The History of Tofu
Bean curd or TOFU is one of the world’s favorite ingredients. By smashing soybeans that was soaked in water, along with squeezed soy milk, chloride magnesium from salt making and bittern coagulant mixture, the manufactured solidified goods then become tofu. Originating from China, it is consumed on a daily basis in Japan, Korea, Taiwan, Vietnam, Cambodia, Thailand, Myanmar, Indonesia etc.
Silken tofu, tender and soft on the throat, firm tofu solidified with reduced moisture or even freeze-dried tofu. Among the varieties of tofu that exists, the silken tofu developed as Japan’s unique product.
To begin with, tofu is said to have arrived in Japan from China during the 7th to 8th century of the Nara period. Interaction with the continent prospered along with the transmission of Buddhism. Although not clearly evident, it is said that tofu was introduced around the time. For a long while, tofu is thought to be eaten by privileged minorities such as monks and noble class.
Tofu first appeared in Japan’s literature book in 1183, Heian period. The capital city of the Heian period was Kyoto and the capital of Nara period before that is now known as the Nara prefecture (奈良県) where the character ‘唐符 (tofu)’ appeared in the offering of Kasuga shrine. In other words, tofu was presented on the altar as an offering to god.
Furthermore, within the letter written in the latter half of the 12th century Kamakura period was the word ‘Ground Tofu (すり豆腐)’. From the 14th century Namboku period to the Muromachi period, tofu related matters drastically increased in temple documents. From this, it is understood that tofu is closely connected to Buddhism and had spread as a vegetarian ingredient for zen monks.
What’s more, how boiled tofu came to be was due to its vegetarian cuisine originated from the Nanzenji temple of Kyoto, however there are no document materials to support the fact. Nevertheless, for monks who were prohibited from eating meat, tofu was thought to be an extremely important protein source.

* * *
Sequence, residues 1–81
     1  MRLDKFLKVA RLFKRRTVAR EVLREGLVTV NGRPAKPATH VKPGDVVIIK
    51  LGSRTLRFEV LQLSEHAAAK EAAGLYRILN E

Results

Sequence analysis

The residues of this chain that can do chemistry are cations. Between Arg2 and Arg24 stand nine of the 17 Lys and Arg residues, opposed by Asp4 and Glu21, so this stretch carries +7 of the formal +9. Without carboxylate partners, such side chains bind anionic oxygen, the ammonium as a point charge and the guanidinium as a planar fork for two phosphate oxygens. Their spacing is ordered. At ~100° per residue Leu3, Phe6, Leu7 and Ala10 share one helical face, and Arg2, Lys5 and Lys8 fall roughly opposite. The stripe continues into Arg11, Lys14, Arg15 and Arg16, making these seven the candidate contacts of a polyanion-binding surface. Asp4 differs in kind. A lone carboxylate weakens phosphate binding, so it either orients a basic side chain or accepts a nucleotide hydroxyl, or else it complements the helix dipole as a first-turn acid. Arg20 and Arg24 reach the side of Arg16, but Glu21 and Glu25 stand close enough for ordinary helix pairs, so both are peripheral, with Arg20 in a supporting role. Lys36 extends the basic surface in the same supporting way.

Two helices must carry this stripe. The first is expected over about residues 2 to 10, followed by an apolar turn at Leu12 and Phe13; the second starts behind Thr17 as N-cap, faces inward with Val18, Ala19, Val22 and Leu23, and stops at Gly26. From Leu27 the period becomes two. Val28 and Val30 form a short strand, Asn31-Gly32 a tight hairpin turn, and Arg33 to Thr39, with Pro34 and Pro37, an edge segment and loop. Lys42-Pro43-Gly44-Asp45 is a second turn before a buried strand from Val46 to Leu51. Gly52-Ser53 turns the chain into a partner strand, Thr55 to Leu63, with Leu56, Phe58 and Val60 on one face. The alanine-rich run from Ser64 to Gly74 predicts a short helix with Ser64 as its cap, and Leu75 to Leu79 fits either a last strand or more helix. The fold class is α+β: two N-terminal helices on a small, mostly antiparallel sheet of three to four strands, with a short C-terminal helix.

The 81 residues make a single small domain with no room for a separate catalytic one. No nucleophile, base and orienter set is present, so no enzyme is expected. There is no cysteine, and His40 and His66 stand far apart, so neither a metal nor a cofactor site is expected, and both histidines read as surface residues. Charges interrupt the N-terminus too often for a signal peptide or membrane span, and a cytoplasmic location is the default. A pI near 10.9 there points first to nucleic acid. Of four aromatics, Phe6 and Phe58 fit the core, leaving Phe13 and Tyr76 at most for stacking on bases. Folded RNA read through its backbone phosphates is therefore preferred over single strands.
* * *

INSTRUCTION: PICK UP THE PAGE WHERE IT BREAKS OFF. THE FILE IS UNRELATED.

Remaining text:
After the 14th century Muromachi period, as tea ceremonies spread, vegetarian cuisines of shrines and temple started to permeate towards the masses. Towards mid Muromachi, tofu purchases, Nara tofu, Uji tofu and so forth emerged from historical documents. At the time, tofu-making was not yet practised but tofu preservation technique using water streams were invented. Gradually it became actively made in Kyoto and its fine waters.
From the start, the land of Kyoto was blessed with high quality groundwater. Linking with Yamazaki whiskey and Fushimi’s sake brewing. The underground waters of Kyoto proves to be crucial as tofu are primarily made of water. The reason why tofu was being actively made in Kyoto was due to the fulfilling of 3 conditions. First, the existence of a transmitter of the monk’s vegetarian cuisine culture (The role of Buddhism and ones who preaches it teaching and standards or in other words the media of past times). Second, the abundance of quality water had made it possible to produce tasty tofu. Third, Kyoto being a mountainous terrain, tofu was sought after as a source of protein. As a result, in Kyoto, tea houses mainly serving Dengaku (skewered pieces of tofu baked and coated with miso) was born in the early days of the Edo period around year 1596 to 1615. Fast forward 150 years later, in Edo (Tokyo), the tea house serving Dengaku formed on shrine grounds mid Edo in year 1756 to 1757. It could be concluded that there was a correlation between the substantiality of seafood as a protein source in Edo (Tokyo) at the time. Tofu dishes can be eaten as it is but can also be made into boiled tofu, grilled tofu, deep-fried tofu and is a necessary ingredient for hotpots. There are lots of dishes and processed goods which includes tofu (such as tofu skin, deep-fried tofu, thick fried-tofu). To now, it is eaten regularly in Japan.
Why did boiled tofu flourished in Nanzenji?